After opening the 2018 season with a loss to the Celtics, Joel Embiid stood at his locker and loudly proclaimed Boston’s superior dominance. The Sixers were coming off a disappointing playoff exit and a new season signaled much of the same frustrating problems against its longtime rivals. Many expected the tide to turn when the Sixers flipped their roster upside-down midseason. But a Christmas OT loss followed by a 3 point defeat served to boil up frustrations even further.

Only when both teams aggressively pursued offseason changes did it look as if the tide could potentially turn. And after three matchups this season, it is very clear who the new sheriff in town is. But peaking underneath the hood reveals a story that combines both new personnel with games notoriously decided in the 4th quarter. And that is where we will start a new chapter of Sixers-Celtics.


Prior to this season, much of the public narrative centered on the two coaching combatants. That is, the emerging genius of Brad Stevens against an inferior Brett Brown unable to adjust to his counterpart. And while Boston racked up significant wins, the true subplot depicted a much closer matchup. One that most always landed in crunch time with the game on the balance. For Brett Brown, however, navigating this rope was an extremely difficult task with the previous personnel in place. Boston’s shot creators provided a hard equation to solve late in games. One that guys like JJ Redick, TJ McConnell, and Jimmy Butler simply were not up to the task.

As games inched closer to the final outcome, Stevens’ solution was rather simple more than innovative. Target the shortest and oldest guy on the playground. Celtics shot a combined 7-for-15 against TJ and JJ in the final frame last season. Boston mercilessly attacked the duo, often calling for the advantageous matchup. Stevens also made Jimmy Butler a prime target. A bit overrated by his fading defense, Celtics shot a similar 7-for-15 against Butler alone. Kyrie Irving and Terry Rozier skewered the Sixers’ leaking perimeter defense to the tune of 43 total points (40% of all Celtics points in the final frame). It was an exposé in isolation basketball. And when help came, Boston was more than willing to swing the ball and find the next open shooter. Simply put, the Sixers had a leakage problem that needed to be addressed.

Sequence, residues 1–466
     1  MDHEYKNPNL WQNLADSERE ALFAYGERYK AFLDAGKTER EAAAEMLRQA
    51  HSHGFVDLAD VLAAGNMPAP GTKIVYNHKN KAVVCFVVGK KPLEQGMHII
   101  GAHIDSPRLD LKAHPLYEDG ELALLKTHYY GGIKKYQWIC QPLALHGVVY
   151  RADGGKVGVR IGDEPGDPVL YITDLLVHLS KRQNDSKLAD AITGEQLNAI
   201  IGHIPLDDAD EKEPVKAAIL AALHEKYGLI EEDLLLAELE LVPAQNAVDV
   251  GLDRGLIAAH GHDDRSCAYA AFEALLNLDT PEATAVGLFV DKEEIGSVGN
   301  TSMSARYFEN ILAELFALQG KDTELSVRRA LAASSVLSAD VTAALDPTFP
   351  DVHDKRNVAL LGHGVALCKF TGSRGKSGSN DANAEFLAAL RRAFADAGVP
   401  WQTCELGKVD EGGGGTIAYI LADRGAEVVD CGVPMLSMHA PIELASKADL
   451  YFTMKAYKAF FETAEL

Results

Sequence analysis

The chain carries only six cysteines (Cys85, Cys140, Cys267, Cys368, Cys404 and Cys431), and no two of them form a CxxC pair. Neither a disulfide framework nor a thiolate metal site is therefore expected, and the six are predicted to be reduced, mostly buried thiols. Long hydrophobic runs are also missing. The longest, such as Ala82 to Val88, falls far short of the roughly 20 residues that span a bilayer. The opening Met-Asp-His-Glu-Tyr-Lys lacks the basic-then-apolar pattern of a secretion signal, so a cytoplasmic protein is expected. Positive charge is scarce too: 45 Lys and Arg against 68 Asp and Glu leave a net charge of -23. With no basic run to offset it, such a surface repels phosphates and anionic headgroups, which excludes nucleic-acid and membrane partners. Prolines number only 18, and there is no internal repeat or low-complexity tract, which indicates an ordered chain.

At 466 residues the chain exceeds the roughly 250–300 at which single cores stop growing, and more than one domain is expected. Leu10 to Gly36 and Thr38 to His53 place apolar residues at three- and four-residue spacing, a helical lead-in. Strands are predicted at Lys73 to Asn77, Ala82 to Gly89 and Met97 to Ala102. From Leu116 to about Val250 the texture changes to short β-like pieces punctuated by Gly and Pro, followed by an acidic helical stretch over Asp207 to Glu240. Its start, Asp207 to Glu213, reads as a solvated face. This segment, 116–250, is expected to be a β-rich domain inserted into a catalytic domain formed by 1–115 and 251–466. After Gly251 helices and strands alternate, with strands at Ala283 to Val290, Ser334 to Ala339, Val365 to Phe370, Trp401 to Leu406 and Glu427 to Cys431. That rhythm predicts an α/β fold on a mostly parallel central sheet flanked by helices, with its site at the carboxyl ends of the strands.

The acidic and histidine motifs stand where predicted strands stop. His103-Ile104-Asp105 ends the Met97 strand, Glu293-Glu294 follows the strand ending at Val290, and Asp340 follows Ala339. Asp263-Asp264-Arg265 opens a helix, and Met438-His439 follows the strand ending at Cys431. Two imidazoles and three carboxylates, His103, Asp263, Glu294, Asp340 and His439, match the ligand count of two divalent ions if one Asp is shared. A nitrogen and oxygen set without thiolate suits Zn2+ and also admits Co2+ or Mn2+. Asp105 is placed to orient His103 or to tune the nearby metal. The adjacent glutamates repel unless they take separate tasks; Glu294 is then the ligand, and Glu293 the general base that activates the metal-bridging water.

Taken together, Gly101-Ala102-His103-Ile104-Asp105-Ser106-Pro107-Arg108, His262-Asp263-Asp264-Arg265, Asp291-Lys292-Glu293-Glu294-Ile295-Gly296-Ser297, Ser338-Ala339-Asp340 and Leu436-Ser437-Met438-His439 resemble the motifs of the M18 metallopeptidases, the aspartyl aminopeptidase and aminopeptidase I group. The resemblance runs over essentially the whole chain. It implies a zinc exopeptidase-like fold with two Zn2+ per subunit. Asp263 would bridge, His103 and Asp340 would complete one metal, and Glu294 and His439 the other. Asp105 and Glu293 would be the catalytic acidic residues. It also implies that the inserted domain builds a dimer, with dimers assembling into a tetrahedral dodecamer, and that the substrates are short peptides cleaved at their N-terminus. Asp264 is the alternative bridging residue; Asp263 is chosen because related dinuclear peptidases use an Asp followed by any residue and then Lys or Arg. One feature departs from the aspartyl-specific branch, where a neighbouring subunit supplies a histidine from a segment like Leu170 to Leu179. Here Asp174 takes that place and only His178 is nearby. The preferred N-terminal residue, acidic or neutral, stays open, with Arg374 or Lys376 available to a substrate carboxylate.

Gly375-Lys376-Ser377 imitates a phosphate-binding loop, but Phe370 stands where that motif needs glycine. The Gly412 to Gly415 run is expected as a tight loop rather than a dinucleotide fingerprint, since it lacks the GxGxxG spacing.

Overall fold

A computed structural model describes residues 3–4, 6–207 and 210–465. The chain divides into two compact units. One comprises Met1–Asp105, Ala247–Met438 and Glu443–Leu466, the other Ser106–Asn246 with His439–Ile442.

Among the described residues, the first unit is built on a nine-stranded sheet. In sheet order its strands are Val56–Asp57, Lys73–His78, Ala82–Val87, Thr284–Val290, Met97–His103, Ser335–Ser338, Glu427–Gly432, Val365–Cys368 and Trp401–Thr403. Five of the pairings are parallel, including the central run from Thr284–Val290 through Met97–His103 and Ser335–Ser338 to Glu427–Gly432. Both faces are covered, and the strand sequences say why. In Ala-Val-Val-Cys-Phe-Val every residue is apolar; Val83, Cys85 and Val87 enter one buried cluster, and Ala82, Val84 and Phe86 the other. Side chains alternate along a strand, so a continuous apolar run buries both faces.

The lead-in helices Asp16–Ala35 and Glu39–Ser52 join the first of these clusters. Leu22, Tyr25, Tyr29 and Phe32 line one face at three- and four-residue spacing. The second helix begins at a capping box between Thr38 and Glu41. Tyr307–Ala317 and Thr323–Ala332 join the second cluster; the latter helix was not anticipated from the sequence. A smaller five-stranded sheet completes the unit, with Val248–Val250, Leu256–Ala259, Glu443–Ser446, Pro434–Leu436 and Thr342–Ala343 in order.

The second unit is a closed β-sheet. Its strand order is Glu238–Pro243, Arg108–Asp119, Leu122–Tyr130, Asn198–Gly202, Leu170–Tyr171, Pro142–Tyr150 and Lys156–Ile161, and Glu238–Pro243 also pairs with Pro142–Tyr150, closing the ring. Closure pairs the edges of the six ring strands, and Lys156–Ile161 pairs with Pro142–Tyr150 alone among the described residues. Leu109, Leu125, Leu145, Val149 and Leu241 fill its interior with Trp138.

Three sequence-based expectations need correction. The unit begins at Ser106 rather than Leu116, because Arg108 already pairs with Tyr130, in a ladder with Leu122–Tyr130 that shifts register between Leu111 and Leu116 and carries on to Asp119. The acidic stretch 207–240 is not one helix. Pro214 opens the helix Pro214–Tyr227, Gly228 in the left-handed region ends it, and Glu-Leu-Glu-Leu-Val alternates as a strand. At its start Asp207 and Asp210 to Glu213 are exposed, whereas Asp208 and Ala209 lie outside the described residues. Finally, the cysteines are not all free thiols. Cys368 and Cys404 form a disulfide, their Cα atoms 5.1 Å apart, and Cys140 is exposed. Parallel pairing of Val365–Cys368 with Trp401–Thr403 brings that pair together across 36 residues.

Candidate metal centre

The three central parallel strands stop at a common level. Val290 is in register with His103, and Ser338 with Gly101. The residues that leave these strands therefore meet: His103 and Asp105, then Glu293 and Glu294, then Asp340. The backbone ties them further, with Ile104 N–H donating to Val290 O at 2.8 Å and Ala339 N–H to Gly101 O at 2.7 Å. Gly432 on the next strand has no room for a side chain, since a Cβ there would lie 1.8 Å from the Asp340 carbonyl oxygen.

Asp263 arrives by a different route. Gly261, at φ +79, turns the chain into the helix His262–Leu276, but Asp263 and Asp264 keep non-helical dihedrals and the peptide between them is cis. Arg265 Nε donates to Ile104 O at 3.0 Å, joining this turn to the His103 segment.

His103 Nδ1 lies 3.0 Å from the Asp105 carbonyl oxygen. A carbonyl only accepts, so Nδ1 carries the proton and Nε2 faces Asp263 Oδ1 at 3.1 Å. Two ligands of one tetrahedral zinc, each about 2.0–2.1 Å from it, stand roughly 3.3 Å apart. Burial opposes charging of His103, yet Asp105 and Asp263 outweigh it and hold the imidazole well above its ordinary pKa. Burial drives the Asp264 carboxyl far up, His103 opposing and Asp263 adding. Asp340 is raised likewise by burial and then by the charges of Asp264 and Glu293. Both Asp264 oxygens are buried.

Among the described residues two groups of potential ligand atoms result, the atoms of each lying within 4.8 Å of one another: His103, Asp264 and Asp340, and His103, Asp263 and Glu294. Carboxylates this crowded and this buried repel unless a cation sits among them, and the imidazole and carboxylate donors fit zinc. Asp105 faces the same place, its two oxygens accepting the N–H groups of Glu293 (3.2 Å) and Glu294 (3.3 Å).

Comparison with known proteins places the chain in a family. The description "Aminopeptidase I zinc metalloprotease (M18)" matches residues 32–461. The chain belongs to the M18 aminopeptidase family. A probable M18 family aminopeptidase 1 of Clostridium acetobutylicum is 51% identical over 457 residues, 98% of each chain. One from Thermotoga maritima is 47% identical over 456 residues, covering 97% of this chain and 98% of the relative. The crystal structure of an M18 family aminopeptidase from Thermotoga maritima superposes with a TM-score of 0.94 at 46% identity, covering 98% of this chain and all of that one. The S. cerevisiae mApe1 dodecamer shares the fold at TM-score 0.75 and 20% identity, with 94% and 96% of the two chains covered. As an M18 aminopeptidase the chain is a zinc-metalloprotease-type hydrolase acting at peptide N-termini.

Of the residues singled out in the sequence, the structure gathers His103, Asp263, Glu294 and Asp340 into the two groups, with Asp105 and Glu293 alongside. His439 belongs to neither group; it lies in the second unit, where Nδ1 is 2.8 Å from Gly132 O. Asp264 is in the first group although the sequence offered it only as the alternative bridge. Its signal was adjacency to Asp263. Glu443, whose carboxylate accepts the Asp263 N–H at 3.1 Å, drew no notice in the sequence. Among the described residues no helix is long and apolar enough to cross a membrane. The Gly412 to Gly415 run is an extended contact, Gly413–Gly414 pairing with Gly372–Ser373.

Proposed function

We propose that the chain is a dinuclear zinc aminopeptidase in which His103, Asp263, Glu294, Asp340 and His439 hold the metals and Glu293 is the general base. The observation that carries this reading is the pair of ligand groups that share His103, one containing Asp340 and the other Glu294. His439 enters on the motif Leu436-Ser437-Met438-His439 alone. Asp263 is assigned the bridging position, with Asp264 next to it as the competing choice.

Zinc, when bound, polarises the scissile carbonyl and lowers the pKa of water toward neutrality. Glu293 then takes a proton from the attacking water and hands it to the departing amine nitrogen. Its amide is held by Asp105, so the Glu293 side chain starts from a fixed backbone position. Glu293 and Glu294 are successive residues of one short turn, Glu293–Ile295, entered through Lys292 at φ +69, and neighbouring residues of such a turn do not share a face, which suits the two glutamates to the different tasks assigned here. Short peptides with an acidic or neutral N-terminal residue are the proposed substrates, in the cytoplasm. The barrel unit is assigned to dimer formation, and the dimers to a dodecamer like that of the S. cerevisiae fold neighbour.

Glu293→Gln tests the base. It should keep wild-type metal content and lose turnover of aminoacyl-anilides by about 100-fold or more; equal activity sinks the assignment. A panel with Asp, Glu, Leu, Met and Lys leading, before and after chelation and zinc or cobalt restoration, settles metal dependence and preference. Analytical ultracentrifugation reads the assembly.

In order the change the equation and balance the scale, Philadelphia went out of its way to fortify its perimeter defense. In Josh Richardson and Matisse Thybulle, the Sixers now have capable wing defenders that are rarely picked on defensively. Take a quick look at Richardson, for instance. In their three matchups this season, Richardson has not only provided offensive value, but also turned into the much needed defensive plug. In a sharp contrast to the ‘old’ rivalry days, Boston is shooting a quiet 0-for-10 against Richardson in the final frame. But most importantly, Richardson and Thybulle have contributed in shifting Boston’s late game offense. Yes, Kyrie and Rozier are long gone. But new point guard Kemba Walker has proven to be an inadequate option with a catastrophic 15% field goal percentage late in games.

Stevens, on the other hand, has found little magic in his (shrinking) bag of tricks. Boston’s crunch time offense now comes mostly in the form of Gordon Hayward and … Enes Kanter? Yikes! Through new personnel and scheme design, Philadelphia funneled Stevens’ offense towards the paint. Where Joel Embiid and Al Horford can put their final stamp on the possession. The playground-style bullying stopped on one side. And started on the other.